More than anything else in the world, nine-year-old Alias Daniel wants to become an astronaut one day and explore the vast unknown regions of space.
It is a fitting dream for the boy who not long ago won a prize for being the best student in his school.
Out in space lies the promise of endless possibilities and discoveries waiting to be found.
And out in space, where the universe is untouched by territories and borders, his own origins will be of little consequence to anyone.
Daniel was abandoned by his biological parents when he was only a baby. The locals who found him lying cold and hungry on the boot of a car took him to the welfare department where he was placed under an adoption care system.
When he was two months old, he was adopted by Nur (not her real name) and her husband, who live in Johor Bahru.
It was a long and tedious process which required Nur to pass two interviews with officials from the department and take an oath before a magistrate in court.
For Nur and her husband who had wanted a child for years, no wait was too long. But when they went to the welfare department to collect his documents, they were shocked to discover more blank spaces than words on his birth certificate.
The document contained his name and his date and place of birth. Apart from that, it was empty. Daniel was, for all intents and purposes, stateless.
“I was shocked at first when I learnt about Daniel’s condition since I assumed I wouldn’t have to deal with documentation concerns if I adopted a child legitimately through government bodies,” Nur told MalaysiaNow.
The official in charge told the couple to go to the National Registration Department (JPN) in two years’ time to complete the paperwork for Daniel’s adoption as well as his citizenship.
But while they were given his certificate of adoption, his citizenship status remained unchanged. Unknown, it read.
Nur and her husband were determined to keep trying. They returned to JPN to apply for citizenship for Daniel but were told that it would take a long time – at least three years – although his chances were better as he was considered an adopted child of the government.
For years, the couple continued to contact JPN to ask about the progress of their application, but today, they are still waiting.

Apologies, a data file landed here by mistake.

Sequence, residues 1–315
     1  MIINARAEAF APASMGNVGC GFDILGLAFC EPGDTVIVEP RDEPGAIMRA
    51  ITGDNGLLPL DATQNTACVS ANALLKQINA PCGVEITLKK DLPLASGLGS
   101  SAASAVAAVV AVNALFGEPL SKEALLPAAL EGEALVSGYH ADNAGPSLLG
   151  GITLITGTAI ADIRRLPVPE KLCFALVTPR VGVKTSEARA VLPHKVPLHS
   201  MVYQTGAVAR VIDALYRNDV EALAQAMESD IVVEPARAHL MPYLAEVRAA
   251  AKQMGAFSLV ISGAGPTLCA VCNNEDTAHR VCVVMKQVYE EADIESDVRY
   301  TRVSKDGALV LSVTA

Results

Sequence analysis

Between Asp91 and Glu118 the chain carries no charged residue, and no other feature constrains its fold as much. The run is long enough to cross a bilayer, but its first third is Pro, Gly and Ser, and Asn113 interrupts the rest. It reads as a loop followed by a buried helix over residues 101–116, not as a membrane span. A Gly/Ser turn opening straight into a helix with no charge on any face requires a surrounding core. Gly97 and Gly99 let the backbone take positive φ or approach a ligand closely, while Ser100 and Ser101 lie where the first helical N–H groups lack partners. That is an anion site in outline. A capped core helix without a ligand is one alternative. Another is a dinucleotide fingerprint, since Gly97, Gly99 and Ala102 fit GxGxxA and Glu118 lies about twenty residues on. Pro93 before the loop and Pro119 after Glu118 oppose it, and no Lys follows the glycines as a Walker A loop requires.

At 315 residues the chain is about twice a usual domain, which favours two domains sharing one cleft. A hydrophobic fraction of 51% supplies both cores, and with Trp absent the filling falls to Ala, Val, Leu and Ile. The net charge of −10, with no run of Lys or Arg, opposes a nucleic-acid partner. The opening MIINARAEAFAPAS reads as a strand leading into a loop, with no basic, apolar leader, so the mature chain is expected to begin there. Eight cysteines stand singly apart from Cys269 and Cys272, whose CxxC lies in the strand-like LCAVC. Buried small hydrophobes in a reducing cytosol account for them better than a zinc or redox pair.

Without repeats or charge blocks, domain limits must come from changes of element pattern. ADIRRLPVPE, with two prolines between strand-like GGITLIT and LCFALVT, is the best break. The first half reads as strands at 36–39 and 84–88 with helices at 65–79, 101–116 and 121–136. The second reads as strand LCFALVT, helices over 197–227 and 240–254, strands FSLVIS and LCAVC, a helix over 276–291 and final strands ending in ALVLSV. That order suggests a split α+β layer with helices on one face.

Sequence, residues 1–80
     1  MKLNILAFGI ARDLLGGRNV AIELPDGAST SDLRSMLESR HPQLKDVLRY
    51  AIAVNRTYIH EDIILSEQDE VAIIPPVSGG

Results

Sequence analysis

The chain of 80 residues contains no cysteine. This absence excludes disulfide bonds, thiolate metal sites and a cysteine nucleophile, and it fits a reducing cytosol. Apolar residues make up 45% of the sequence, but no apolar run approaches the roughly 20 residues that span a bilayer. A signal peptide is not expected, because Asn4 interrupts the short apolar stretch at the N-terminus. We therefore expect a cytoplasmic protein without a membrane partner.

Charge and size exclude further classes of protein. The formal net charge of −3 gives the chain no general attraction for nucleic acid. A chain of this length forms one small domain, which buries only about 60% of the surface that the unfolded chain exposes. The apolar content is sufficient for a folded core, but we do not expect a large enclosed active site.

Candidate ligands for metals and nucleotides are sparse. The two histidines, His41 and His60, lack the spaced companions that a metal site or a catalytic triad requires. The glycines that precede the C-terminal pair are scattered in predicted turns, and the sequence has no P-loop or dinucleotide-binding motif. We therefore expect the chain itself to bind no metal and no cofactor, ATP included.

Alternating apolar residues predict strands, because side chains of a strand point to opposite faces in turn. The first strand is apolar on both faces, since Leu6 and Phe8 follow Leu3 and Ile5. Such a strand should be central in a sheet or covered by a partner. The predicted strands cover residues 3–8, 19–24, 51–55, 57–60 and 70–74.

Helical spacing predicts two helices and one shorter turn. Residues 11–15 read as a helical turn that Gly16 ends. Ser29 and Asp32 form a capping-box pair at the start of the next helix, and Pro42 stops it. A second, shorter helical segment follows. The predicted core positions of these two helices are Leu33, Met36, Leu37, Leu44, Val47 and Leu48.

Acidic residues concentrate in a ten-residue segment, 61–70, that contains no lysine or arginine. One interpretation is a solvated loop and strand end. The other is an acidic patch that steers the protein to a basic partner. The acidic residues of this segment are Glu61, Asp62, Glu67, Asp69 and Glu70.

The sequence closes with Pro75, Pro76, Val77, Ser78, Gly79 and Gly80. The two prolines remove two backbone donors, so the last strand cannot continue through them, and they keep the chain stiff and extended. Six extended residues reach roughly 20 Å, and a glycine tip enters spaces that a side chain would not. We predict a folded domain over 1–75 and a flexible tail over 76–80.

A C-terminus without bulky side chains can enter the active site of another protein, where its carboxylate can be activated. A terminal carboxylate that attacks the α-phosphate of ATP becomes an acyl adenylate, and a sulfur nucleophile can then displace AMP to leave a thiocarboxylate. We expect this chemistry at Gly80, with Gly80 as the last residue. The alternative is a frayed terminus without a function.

“Now I understand why so many adoptive parents choose to return their adopted child to the department,” Nur said.
“The issue isn’t the child or the parents, but the lack of documentation. It burdens the parents.”
Returning Daniel to the government would have been an easy way out for Nur, but she was adamant that she would not abandon her son.
“He is a bright child,” she said. He consistently scores A’s in his exams and he was the lead actor in his school drama when he was only in Standard One.
Nur treasures every trophy and medal he brings home from school, and keeps them carefully in a glass-faced cabinet in their house.
But she knows that eventually, he will have to face the hardships in life brought about by his status as a stateless individual.
“We have provided a good education for him, but we don’t know what his future will be like,” she said.
“Without citizenship, he has nowhere to go. He will always be considered stateless and without meaning.”
For as long as she can, though, she is determined to do everything within her power to make sure that Daniel will one day be able to live a normal life as a lawful citizen.
“As a mother, I will keep voicing out about this issue and I will keep fighting for him,” she said.
“If I was told to turn in all of my possessions and my own citizenship in exchange for his, I would gladly give it up because I know he has a bright future ahead of him.”
She is all too aware that she herself may be reaching for the stars in her efforts to help Daniel gain citizenship. But as his mother, she is unwavering in her belief that this is something he deserves.
“All I want is for my son to be given a chance,” she said. “He is not at fault, so please stop punishing him.”